Although empirical (based on observation) reality remained, it could not be focussed on perceptually, nor could individual objects be focussed on visually. Instead, the usual objects on the mind were seen in a global sense. BR
I find that each moment arrives and brings nothing with it that demands engagement if it’s not required. If there’s no need to respond to a situation I find that I remain in a sort of “standby” state, much like the “sleep” function on a computer. The potential to fire up is there but if it’s not wanted there is no processing happening! I still observe and see all the goings-on around me but with very little associated mental activity or emotional response.
Let me give you another very simple example to illustrate how reactions to life situations have changed for me. I find am still at that stage where I stand back and witness my reactions to things because there is an aspect of me that is still a little puzzled at the changes in my life.
Recently we drove into Udon Thani, a city one hour from our home in Thailand. It is a busy traffic-clogged place, as many Thai urban areas are and we hit several red traffic lights on the way to our destination. My before reaction to so many red traffic lights might have been frustration, anger, rants against the government for not coordinating them and who knows what else! The alternative is what I now naturally experience, which is no reaction at all. Internally I feel no different if the lights are red or green. I observe and……. nothing. The big change between this and my meditation period is that at that time I could engage the stillness of meditation and end up with the same non-response. However, that required a “manual” engagement – the acknowledgement of a situation and the application of a trained response – quietening the mind and blanking out the negative thought processes that might arise. That conscious process doesn’t happen now. The appropriate response is an automatic one and I just watch it unfold. A red traffic light needs no reaction – nothing changes if I get angry or not. The light will do what it is going to do in complete isolation to my response to the situation. Which scenario do you think works better and is healthier for your overall state of being?
And this is the last example I will share. On my family’s farm in Thailand, I built a floating raft with comfortable seating and a roof for shade. It is my favourite place to be when we visit most mornings for a coffee and chat. I end up reading Bernadette’s book or just sitting in a state of not much and it is a very peaceful time. I could spend my life there but at some stage, Gaun, my wife, will shout out in Thai “bye baan”, which translates to “let’s go home”. Now if my self was in control I might feel that I didn’t want to go home. I could think that I should decide when we go not Gaun. Maybe I want more time to read my book or have another coffee or……….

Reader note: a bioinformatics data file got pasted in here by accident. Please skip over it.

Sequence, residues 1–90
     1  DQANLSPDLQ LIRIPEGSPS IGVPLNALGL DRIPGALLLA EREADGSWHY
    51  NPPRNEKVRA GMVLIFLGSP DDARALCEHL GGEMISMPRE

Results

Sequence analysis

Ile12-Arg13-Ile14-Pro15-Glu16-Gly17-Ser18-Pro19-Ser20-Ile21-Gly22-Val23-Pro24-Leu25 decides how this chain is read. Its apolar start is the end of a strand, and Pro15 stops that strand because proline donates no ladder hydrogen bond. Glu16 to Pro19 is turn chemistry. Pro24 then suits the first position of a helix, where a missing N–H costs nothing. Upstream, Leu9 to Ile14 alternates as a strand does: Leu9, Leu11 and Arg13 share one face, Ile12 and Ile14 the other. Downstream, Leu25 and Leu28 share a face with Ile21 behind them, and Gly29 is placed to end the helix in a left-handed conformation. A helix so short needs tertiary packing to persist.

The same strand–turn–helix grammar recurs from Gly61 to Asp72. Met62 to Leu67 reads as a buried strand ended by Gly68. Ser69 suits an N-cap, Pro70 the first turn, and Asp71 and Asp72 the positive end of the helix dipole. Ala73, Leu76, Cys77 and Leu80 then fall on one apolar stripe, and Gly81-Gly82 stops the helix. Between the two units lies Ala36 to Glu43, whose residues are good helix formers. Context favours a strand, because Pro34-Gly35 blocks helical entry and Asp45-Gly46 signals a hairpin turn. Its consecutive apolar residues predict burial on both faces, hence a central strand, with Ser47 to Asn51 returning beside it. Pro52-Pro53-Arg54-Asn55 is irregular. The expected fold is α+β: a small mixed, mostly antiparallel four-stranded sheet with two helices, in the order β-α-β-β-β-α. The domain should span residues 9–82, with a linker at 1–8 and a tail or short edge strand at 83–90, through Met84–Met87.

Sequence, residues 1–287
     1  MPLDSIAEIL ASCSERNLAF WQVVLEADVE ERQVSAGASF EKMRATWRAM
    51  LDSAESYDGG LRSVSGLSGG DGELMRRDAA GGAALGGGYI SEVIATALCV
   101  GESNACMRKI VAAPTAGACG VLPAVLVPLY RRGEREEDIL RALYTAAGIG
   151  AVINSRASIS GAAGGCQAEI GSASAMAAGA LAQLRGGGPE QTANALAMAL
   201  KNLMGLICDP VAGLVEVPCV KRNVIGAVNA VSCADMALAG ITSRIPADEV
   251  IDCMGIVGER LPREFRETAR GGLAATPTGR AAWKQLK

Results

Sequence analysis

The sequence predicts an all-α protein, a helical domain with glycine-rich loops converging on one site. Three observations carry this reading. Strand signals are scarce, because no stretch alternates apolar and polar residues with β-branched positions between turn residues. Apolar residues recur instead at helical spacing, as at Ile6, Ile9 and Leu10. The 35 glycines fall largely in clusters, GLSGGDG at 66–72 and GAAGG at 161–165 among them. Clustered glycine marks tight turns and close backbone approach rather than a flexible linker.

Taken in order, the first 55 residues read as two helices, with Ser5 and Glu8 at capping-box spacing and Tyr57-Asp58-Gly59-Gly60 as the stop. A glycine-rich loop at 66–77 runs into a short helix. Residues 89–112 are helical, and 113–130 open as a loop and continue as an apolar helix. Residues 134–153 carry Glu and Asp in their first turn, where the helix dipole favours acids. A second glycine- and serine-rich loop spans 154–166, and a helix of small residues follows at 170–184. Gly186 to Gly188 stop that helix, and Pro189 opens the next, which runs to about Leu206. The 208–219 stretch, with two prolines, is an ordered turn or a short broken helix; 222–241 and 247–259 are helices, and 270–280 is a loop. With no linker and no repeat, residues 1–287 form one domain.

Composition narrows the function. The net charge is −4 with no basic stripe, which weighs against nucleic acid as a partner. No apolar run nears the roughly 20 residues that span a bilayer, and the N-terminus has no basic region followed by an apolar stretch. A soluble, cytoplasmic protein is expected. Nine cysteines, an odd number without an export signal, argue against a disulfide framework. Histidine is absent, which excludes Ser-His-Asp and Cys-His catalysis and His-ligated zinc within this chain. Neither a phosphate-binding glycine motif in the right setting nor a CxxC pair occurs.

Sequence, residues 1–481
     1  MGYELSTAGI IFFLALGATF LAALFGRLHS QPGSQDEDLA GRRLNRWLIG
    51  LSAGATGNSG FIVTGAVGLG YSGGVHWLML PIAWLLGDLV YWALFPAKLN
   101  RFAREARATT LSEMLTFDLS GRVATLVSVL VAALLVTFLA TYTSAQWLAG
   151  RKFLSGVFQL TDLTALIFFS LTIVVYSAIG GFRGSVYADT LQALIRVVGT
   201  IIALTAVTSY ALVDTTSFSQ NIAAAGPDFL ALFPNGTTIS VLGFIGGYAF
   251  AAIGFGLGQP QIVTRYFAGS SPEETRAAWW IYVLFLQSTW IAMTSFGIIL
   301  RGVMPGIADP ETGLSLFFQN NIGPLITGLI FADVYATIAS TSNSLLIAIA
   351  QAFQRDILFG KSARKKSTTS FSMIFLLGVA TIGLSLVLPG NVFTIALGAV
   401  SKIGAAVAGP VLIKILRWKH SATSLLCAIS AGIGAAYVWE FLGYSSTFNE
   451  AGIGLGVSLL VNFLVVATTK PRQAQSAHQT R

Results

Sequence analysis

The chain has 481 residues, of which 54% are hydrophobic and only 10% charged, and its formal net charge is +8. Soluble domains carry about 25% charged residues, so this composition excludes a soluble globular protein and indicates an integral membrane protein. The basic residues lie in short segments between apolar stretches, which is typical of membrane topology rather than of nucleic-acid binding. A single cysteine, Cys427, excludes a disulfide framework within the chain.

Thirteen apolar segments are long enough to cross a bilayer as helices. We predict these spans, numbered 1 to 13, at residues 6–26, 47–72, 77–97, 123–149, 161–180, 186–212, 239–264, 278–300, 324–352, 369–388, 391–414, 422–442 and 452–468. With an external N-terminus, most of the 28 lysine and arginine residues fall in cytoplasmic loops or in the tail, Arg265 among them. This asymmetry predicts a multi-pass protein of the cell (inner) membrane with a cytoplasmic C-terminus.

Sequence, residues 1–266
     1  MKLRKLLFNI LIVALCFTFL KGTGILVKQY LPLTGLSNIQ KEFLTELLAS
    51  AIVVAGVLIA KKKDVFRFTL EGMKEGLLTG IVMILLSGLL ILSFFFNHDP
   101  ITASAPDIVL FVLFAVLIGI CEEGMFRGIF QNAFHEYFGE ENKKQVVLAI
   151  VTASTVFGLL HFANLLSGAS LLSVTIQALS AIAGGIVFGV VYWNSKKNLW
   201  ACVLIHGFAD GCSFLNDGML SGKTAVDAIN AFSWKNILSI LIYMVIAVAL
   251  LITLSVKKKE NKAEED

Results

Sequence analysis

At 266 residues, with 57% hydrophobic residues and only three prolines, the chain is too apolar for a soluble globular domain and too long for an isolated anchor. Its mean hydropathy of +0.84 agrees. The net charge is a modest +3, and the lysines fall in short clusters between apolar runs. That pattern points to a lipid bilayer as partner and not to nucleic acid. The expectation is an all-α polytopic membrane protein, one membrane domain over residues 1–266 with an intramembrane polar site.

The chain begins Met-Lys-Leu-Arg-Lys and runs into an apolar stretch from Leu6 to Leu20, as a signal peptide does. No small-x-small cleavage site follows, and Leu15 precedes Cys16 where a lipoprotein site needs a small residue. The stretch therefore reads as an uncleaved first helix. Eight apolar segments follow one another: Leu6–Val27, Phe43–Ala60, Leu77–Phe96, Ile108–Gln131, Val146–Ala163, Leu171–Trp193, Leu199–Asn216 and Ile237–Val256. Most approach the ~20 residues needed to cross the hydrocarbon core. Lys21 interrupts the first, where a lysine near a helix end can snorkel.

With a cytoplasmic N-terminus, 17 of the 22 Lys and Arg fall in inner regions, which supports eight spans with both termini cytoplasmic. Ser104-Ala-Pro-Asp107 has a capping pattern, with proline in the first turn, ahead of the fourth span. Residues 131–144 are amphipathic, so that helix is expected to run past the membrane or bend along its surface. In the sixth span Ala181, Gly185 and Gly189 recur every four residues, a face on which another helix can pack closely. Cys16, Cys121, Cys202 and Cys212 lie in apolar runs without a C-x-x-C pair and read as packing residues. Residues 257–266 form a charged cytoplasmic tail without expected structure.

What actually happens is that I have no emotional reaction at all to her call. I just get up pack my things and we go home. I guess that if there was a strong reason for not going I would say something but apparently there isn’t because I have yet to stay longer.
You see an ego-driven response is no longer energised because the mind generated self no longer the boss and the fact is I can just as well read my book at home as on the boat. Because no alternative scenario makes an appearance, and certainly none of the ego “I should be in control” type reactions to challenge my getting up to go home, then my leaving must be perfect at that moment. No subconscious resentment or frustration is stored even if it occurred because that moment immediately fades from the now and no longer exists to be recalled and analysed.
Does that all seem very boring? Ah well, maybe it would be if boring was still an option on the no-self emotional tick list but like everything beyond the self-state if it’s not required then it doesn’t make an appearance to clutter my life!
If you take away our built-in expectations that life without emotions is NO life, then aren’t my reactions to those three small-time scenarios more balanced and “adult” than the alternatives? It’s what’s missing that is the key benefit to this new way of life. The absence of a self means that there is no option other than to live in each moment. There is no historical memory to influence or distract from the now, the desire for an emotional “hit” doesn’t happen so there’s no action required to fulfil that craving. This is the ultimate mindfulness, a technique taught by psychologists to help people to connect with the now by minimising the intrusion of thought processing. However, as I have said before, unlike mindfulness or meditation or other practices this is not an exercise that requires a conscious effort to apply predefined rules of engagement. I live this state every moment of the day without thought or effort. Unlike the transition period from Stage Two to Three, there is no alternative offered – ever, not even for a moment.
Living in the now moment there is no question of how we feel or should feel; there is no conflict, struggle, or practice of anything because this moment allows for no movement backwards or forward, either in time or along the continuum. Somehow each moment contains within itself the appropriate action for each tiny event in life without the need for thought or feeling. BR
It would be incorrect to assume that by living in the now moment we are somehow cut off from all reactions or emotions – the zombie factor. Where a response is required it makes an appearance but the difference is that it seems to only be energised for a brief period and then fades without conscious storage into memory. If I see something funny I still laugh but afterwards would be hard put to replicate the situation or emotion. Is laughing at an amusing situation or feeling peaceful having a morning coffee in our beautiful tropical garden appropriate? Of course, it is. As I wrote previously if you met me you wouldn’t pick that underneath the external I have very little happening. From an outsider’s view, I project a personality, express views and relate pretty competently. But does frustration help with the red traffic light scenario – not much, so in the context of living in Stage Three for me it doesn’t happen.